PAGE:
If you’ve lived in the D.C. metro area for two seconds, your family has probably dropped in on one or both of the most visited historic homes in the country–George Washington’s Mount Vernon, the original abode of the first President, and Pennsylvania Avenue’s The White House, the home of every U.S. President since. Dig a little deeper by exploring the DMV homes and getting an up close look at some of lesser known (but just as significant) figures in history. These tours are super family friendly, featuring everything from a living history demonstrations and an oratorical contest just for kids.
Photo: Frederick Douglass National Historic Site
Frederick Douglass National Historic Site
It took two generations to establish and restore this spot as a National Historic Site. Cedar Hill, the Northeast D.C. home where escaped slave turned preeminent orator and scholar, Frederick Douglass, lived his final years. Now serving as an educational center, Cedar Hill runs tours, and sponsors a for kids in grades one through twelve. Other family-friendly events are offered throughout the year, including Douglass’s birthday celebration and a by the U.S. Mint on April 4.
1411 W St., SE (Anacostia)
Photo: NCinDC via Flickr
The City of Alexandria, Virginia is a history buff’s dream hang-out, and a visit to the town’s historic Gadsby’s Tavern Museum, known also as a modern day restaurant, is one of the best examples of finding the past in the present. Serving up everything from period food to period dancing, Gadsby’s also hosts 18th Century , and offers a unique opportunity to students in grades four to six to act as volunteer junior docents; they’ll don period garb, give summertime tours on Sundays, and participate in special events. . The deadline is April 27!
134 N. Royal St. (Alexandria, Va)
Photo: Gunston Hall
The former digs of Colonial Statesman George Mason, Gunston Hall offers an array of family friendly programs in Mason Neck, Virginia, where the town’s namesake served as the State’s first governor. April marks the start of the museum’s living history programs in which kids age 8 to 14 volunteer as . Get set also for an annual on April 1, and beginning in June all the way through August, featuring costumed interpreters and interactive programming just for kids and families.
10709 Gunston Rd. (Mason Neck, Va)
Photo: Hillwood Museum
Hillwood Museum and Gardens
Learn about cereal heiress Marjorie Merriweather-Post, her incredible Russian and French decorative art collections, and not to mention her gardens where young garden party-goers are welcome throughout the year, particularly for elegant appropriate for the season. April features the and new in May is a . Opportunities to tour the house with your toddler are also available as part of the .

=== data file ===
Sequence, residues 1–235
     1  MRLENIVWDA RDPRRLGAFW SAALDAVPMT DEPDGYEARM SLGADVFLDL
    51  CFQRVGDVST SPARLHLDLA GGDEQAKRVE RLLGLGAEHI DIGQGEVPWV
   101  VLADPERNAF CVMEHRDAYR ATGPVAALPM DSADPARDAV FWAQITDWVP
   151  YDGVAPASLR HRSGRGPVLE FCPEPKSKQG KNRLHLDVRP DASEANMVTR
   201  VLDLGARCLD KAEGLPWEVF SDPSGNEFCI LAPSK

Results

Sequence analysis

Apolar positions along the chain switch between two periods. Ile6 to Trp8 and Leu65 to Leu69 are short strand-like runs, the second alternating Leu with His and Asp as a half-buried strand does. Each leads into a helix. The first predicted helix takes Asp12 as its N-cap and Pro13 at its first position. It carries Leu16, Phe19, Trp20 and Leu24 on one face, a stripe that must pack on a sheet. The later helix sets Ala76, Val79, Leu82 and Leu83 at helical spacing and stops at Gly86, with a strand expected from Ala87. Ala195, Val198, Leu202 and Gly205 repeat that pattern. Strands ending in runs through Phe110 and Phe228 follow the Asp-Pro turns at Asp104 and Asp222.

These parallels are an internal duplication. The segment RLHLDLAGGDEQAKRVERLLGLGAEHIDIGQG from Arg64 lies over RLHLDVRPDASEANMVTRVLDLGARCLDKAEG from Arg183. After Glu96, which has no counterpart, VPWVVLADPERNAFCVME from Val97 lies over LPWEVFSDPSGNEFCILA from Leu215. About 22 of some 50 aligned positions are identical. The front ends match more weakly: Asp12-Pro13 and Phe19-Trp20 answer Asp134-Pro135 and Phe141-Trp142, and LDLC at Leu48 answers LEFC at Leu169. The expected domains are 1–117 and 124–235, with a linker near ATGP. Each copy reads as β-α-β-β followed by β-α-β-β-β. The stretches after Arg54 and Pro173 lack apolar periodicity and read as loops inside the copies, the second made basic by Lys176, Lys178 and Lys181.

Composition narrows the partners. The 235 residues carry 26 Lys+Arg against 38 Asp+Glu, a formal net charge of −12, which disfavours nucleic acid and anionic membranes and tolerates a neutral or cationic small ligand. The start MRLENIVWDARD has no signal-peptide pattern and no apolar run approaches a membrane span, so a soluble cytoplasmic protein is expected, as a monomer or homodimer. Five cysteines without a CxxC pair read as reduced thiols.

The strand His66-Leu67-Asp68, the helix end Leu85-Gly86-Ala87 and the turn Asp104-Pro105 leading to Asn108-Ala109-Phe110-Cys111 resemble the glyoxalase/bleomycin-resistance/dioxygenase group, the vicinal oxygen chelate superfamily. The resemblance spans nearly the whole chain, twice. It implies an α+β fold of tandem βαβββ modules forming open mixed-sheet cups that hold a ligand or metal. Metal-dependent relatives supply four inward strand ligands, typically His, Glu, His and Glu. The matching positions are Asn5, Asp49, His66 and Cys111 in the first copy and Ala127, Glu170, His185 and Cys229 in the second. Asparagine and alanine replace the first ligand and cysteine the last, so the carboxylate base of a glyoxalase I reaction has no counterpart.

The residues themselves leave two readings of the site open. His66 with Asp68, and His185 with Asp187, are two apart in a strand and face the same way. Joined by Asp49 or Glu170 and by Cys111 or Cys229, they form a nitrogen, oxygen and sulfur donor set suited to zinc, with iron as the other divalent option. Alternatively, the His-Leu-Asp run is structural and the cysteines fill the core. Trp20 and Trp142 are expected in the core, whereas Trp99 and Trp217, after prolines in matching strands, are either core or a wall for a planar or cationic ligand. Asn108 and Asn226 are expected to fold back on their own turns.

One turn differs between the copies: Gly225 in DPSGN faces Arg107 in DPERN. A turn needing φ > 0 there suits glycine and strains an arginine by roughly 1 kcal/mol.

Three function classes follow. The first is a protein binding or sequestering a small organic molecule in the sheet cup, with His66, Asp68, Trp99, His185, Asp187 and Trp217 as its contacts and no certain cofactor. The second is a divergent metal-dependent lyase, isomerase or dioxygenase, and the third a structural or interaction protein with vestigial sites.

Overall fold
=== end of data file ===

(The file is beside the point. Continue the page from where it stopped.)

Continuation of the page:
4155 Linnean Ave., NW (Van Ness/UDC)
Photo: Lincoln Cottage
President Lincoln’s Cottage
Washington had Mount Vernon, and Jefferson Monticello, but Honest Abe had a more local escape from what he called the “iron cage” of the White House, though because of its proximity to a home for war wounded, Lincoln did not always find respite there. Now a museum, the Cottage offers regular tours, lectures, and a Family Day in September that makes use of the full grounds with Civil War encampments, and other activities. Museum staff also host and programs, in addition to , a worldwide program engaging teenagers around the issue of human trafficking.
140 Rock Creek Church Rd., NW (Petworth)
The Oatlands, once ran as a plantation in rural Leesburg, now works to educate visitors of all ages about all aspects of the historic home, and activities of its inhabitants, including what was believed to be up to 133 enslaved people just before the Civil War. See the page, including a schedule of themed Afternoon Teas (think: Mother’s Day), a Strawberry Festival on May 21, and a special World War I and II weekend in July featuring children’s activities. Unique for kids in grades three through eight, and even a of the house are also part of the fun.
20850 Oatlands Plantation Ln. (Leesburg, Va)
Photo: Tudor Place
First opened to the public in 1983, this once Presidential granddaughter-owned estate in Georgetown is a landmark of urban conservation with over 400 trees on the property–several believed to have been planted by the original proprietors. Tudor Place offers year round tours and programming for through school-aged kids, along with special events like or the on June 18. Enjoy a special once a year only free day at Tudor Place, the Annual on April 29.
1644 34th St., NW (Georgetown)
Have you visited any of these historic homes? Tell us about it in the comments section below.